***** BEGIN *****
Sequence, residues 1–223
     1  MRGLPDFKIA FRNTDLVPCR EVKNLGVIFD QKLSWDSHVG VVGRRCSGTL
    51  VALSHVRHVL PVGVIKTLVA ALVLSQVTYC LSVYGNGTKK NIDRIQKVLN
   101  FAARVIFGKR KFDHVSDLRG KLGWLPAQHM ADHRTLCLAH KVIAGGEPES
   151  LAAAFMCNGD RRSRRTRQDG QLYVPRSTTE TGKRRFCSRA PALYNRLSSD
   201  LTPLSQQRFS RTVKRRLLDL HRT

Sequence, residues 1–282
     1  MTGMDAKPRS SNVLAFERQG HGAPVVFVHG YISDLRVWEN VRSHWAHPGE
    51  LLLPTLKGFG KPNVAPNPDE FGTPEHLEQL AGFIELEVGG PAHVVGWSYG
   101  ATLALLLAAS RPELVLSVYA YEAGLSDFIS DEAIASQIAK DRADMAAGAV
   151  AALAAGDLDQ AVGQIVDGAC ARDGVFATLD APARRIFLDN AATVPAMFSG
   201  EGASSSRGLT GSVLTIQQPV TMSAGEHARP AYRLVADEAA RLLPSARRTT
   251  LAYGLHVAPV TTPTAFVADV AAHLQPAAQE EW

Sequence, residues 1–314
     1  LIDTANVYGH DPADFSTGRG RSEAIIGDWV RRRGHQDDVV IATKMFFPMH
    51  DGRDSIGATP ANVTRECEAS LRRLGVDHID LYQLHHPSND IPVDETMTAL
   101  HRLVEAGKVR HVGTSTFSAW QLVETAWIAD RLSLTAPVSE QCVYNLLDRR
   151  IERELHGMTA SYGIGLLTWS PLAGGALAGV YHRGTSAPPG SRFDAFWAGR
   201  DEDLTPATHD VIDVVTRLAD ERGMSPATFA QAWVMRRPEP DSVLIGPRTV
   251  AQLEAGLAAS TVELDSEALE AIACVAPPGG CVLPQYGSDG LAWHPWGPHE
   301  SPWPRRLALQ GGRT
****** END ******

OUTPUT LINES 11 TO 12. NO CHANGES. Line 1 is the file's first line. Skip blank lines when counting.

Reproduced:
   151  AALAAGDLDQ AVGQIVDGAC ARDGVFATLD APARRIFLDN AATVPAMFSG
   201  EGASSSRGLT GSVLTIQQPV TMSAGEHARP AYRLVADEAA RLLPSARRTT